has two rows and three columns, and so is a  2 \! \times \! 3 matrix. (Read that "two-by-three"; the number of rows is always stated first.) The entry in the second row and first column is  a_{2,1}=3 . Note that the order of the subscripts matters: a_{1,2}\neq a_{2,1} since  a_{1,2}=2.2 . (The parentheses around the array are a typographic device so that when two matrices are side by side we can tell where one ends and the other starts.)

Matrices occur throughout this book. We shall use  \mathcal{M}_{n \! \times \! m} to denote the collection of  n \! \times \! m matrices.

Example 2.7

We can abbreviate this linear system


\begin{array}{*{3}{rc}r}
x  &+  &2y  &   &    &=  &4   \\
&   &y   &-  &z &=  &0   \\
x  &   &      &+  &2z&=  &4
\end{array}

with this matrix.


\left(\begin{array}{*{3}{c}|c}
1  &2  &0  &4  \\
0  &1  &-1 &0  \\
1  &0  &2  &4
\end{array}\right)

The vertical bar just reminds a reader of the difference between the coefficients on the systems's left hand side and the constants on the right. When a bar is used to divide a matrix into parts, we call it an augmented matrix. In this notation, Gauss' method goes this way.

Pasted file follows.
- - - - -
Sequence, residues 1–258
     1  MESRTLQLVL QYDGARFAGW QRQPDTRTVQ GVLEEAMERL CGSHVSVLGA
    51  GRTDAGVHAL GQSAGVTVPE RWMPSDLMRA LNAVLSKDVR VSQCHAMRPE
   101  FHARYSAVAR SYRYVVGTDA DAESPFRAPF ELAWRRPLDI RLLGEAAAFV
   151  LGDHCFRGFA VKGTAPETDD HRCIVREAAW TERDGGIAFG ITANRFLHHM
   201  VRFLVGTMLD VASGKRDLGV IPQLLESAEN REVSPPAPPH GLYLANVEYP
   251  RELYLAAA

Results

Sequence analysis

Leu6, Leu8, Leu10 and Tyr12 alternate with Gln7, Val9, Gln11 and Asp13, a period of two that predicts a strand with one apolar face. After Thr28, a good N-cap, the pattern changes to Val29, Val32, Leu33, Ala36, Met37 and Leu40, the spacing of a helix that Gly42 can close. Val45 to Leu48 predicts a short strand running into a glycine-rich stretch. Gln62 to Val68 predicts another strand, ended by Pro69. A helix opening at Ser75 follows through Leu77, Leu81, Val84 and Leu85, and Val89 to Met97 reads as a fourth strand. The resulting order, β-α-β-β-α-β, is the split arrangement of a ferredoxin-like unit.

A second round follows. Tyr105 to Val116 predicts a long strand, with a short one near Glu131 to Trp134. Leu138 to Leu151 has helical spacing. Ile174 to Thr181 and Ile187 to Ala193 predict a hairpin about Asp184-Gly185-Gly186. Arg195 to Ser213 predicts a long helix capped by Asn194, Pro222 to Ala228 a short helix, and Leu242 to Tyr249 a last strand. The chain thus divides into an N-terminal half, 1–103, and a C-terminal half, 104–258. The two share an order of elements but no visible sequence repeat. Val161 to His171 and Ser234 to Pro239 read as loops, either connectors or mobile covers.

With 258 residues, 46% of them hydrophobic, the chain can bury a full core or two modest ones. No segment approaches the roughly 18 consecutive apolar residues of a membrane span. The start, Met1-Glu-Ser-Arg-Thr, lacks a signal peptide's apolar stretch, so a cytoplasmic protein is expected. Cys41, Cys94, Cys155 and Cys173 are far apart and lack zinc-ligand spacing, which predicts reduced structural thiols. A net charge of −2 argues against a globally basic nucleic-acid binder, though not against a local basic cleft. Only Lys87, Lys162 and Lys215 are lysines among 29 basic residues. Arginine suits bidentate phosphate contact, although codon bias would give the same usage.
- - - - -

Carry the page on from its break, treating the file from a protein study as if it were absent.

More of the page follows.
\left(\begin{array}{*{3}{c}|c}
1  &2  &0  &4  \\
0  &1  &-1 &0  \\
1  &0  &2  &4
\end{array}\right)
\xrightarrow[]{-\rho_1 +\rho_3}
\left(\begin{array}{*{3}{c}|c}
1  &2  &0  &4  \\
0  &1  &-1 &0  \\
0  &-2 &2  &0
\end{array}\right)
\xrightarrow[]{2\rho_2 +\rho_3}
\left(\begin{array}{*{3}{c}|c}
1  &2  &0  &4  \\
0  &1  &-1 &0  \\
0  &0  &0  &0
\end{array}\right)

The second row stands for y-z=0 and the first row stands for x+2y=4 so the solution set is  \{(4-2z,z,z)\,\big|\, z\in\mathbb{R}\} . One advantage of the new notation is that the clerical load of Gauss' method— the copying of variables, the writing of +'s and ='s, etc.— is lighter.

We will also use the array notation to clarify the descriptions of solution sets. A description like \{(2-2z+2w,-1+z-w,z,w)\,\big|\, z,w\in\mathbb{R}\} from Example 2.3 is hard to read. We will rewrite it to group all the constants together, all the coefficients of  z together, and all the coefficients of  w together. We will write them vertically, in one-column wide matrices.


\{\begin{pmatrix} 2 \\ -1 \\ 0 \\ 0 \end{pmatrix}
+\begin{pmatrix} -2 \\ 1 \\ 1 \\ 0 \end{pmatrix}\cdot z
+\begin{pmatrix} 2 \\ -1 \\ 0 \\ 1 \end{pmatrix}\cdot w
\,\big|\, z,w\in\mathbb{R}\}

For instance, the top line says that  x=2-2z+2w . The next section gives a geometric interpretation that will help us picture the solution sets when they are written in this way.

Definition 2.8

A vector (or column vector) is a matrix with a single column. A matrix with a single row is a row vector. The entries of a vector are its components.